2. Anisotropic Acceleration

Measurement Possibilities

In order for even a rather significant Anisotropic Acceleration to be measurable on Earth (e.g. with a gravimeter or different pendulums), it requires rather specific conditions to be present.
Regardless of the inclination of the solar system in proportion to a (theoretical) anisotropic acceleration direction which in the following will be referred to as the Dark Flow Acceleration Direction, (in short DFAD), it wouldn’t be possible to directly measure such a DFA, even if we presume its strength to be somewhere around 100 µGal. It is somewhat similar to the situation that it is also impossible to measure the acceleration of Earth’s orbit acceleration from Earth given that everything on Earth is part of the same acceleration frame of reference).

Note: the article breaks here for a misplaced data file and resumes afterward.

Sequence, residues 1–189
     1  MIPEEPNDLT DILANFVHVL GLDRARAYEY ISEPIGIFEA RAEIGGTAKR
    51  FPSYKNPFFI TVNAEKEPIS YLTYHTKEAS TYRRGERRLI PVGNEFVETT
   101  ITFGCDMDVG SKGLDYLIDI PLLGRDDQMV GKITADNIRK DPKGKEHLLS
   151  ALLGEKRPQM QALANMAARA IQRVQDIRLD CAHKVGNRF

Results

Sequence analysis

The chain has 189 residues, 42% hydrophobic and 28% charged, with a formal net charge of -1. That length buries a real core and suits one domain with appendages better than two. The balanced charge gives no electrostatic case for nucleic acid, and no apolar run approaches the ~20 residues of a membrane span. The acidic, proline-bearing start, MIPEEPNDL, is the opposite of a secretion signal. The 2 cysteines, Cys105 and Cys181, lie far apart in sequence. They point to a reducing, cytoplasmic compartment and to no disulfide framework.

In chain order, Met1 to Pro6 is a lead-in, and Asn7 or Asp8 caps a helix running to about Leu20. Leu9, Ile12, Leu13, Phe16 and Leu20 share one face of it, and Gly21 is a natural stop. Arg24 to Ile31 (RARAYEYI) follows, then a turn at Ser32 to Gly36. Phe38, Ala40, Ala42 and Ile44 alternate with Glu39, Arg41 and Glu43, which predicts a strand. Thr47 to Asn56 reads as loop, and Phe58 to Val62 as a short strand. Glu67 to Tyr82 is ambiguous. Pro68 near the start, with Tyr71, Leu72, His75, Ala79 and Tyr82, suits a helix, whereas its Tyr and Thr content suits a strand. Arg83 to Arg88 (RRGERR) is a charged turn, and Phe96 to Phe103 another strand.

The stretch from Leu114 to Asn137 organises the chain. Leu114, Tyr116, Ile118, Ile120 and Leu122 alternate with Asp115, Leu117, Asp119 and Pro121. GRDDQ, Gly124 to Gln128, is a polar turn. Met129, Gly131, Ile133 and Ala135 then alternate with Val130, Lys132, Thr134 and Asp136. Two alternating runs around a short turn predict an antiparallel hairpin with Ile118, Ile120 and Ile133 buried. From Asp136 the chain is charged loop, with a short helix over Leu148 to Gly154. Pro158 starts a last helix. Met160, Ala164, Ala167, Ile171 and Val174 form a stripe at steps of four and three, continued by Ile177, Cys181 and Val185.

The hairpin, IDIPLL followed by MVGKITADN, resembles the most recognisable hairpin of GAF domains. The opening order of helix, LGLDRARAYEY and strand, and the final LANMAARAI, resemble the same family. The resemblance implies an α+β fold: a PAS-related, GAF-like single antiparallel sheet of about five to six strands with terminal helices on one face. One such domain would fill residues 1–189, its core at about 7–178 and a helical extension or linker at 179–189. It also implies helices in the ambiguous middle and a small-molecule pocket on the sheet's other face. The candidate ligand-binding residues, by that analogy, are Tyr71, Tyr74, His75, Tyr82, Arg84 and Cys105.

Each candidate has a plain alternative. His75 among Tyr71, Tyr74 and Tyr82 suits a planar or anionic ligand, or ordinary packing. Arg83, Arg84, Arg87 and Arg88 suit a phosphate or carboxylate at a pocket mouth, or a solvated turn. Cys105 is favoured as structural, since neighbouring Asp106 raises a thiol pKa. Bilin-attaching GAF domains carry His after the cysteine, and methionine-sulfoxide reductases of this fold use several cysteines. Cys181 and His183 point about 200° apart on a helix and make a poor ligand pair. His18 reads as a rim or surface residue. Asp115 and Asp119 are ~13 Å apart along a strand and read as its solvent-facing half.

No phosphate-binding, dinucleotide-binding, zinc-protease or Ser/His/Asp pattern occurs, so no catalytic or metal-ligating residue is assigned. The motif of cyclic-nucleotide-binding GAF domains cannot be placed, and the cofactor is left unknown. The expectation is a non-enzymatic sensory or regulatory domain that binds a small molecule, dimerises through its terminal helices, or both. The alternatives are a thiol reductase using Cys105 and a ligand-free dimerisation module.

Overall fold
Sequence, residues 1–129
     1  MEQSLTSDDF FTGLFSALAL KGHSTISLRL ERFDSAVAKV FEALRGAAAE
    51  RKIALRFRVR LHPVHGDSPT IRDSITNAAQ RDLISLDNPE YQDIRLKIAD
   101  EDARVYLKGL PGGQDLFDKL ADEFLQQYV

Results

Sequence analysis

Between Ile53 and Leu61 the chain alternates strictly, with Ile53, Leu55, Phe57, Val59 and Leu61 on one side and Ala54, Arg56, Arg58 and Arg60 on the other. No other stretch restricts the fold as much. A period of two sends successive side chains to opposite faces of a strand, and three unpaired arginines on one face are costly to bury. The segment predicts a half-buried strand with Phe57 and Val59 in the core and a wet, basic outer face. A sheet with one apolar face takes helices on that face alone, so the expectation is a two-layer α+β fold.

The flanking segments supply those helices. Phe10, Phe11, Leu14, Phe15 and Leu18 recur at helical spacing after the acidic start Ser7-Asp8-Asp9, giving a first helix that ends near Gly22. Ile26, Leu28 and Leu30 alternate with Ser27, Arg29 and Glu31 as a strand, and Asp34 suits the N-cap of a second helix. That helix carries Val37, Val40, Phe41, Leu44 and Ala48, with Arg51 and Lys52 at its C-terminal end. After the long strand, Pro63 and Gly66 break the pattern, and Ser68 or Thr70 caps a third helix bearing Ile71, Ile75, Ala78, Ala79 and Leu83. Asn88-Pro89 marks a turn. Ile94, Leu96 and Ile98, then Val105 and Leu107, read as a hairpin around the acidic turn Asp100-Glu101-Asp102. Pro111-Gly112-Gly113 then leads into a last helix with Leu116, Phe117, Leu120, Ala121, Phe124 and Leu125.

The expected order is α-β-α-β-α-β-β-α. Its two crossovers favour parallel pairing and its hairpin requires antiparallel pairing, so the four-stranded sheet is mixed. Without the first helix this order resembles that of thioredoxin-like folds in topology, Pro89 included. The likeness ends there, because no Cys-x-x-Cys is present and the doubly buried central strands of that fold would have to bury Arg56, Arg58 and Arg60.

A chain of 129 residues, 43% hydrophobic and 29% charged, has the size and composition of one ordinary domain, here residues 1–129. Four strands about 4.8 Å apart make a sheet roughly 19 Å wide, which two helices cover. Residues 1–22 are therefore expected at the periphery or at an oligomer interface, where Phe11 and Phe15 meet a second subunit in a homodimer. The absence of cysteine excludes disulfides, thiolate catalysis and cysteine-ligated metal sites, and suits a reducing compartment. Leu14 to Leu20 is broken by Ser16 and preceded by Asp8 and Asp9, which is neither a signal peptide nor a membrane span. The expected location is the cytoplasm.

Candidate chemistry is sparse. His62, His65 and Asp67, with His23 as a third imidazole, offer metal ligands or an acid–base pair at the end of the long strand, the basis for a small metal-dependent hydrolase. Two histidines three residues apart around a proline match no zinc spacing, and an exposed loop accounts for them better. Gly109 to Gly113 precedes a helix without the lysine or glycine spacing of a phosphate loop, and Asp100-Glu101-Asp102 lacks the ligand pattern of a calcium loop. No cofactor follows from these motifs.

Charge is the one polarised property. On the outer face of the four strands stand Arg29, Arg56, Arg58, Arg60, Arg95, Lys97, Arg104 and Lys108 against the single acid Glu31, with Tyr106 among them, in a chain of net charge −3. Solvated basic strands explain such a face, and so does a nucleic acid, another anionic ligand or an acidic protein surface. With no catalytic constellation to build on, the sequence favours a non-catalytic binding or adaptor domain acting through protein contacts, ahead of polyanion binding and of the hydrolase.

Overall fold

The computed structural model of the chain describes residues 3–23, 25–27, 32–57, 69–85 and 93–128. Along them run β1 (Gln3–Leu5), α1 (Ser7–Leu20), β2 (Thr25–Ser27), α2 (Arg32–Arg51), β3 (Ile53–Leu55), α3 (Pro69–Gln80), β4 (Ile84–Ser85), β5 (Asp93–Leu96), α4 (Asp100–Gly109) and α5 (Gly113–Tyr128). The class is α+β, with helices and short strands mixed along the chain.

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However, there is an indirect method of measuring Dark Flow Acceleration (in short DFA) .

An Anisotropic Dark Flow Acceleration exists. This claim is based on a kinematic analysis of 21 Allais Effect measurements. This aspect of nature is important to truly research and understand as it is one of the most important cornerstones in what will soon be the new paradigm.

Read more in the book  “Modified Theory of Relativity”

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